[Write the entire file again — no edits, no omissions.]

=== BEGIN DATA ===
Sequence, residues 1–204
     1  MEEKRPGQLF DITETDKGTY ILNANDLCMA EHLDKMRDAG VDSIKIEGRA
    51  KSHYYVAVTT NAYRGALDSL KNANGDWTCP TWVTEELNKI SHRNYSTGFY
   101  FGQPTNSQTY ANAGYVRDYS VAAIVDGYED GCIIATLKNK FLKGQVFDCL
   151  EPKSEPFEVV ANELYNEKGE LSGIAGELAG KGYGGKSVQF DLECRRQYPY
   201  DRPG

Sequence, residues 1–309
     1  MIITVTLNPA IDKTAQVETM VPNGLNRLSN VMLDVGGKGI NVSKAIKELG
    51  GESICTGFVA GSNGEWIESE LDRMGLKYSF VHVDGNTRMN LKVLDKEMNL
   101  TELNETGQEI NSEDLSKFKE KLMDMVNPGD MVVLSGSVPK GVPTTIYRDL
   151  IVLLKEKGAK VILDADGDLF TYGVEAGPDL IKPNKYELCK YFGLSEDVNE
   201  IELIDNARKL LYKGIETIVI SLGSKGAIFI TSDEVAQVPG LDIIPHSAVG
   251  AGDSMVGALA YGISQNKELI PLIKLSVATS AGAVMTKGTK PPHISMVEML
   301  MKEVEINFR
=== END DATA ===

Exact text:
Sequence, residues 1–204
     1  MEEKRPGQLF DITETDKGTY ILNANDLCMA EHLDKMRDAG VDSIKIEGRA
    51  KSHYYVAVTT NAYRGALDSL KNANGDWTCP TWVTEELNKI SHRNYSTGFY
   101  FGQPTNSQTY ANAGYVRDYS VAAIVDGYED GCIIATLKNK FLKGQVFDCL
   151  EPKSEPFEVV ANELYNEKGE LSGIAGELAG KGYGGKSVQF DLECRRQYPY
   201  DRPG

Sequence, residues 1–309
     1  MIITVTLNPA IDKTAQVETM VPNGLNRLSN VMLDVGGKGI NVSKAIKELG
    51  GESICTGFVA GSNGEWIESE LDRMGLKYSF VHVDGNTRMN LKVLDKEMNL
   101  TELNETGQEI NSEDLSKFKE KLMDMVNPGD MVVLSGSVPK GVPTTIYRDL
   151  IVLLKEKGAK VILDADGDLF TYGVEAGPDL IKPNKYELCK YFGLSEDVNE
   201  IELIDNARKL LYKGIETIVI SLGSKGAIFI TSDEVAQVPG LDIIPHSAVG
   251  AGDSMVGALA YGISQNKELI PLIKLSVATS AGAVMTKGTK PPHISMVEML
   301  MKEVEINFR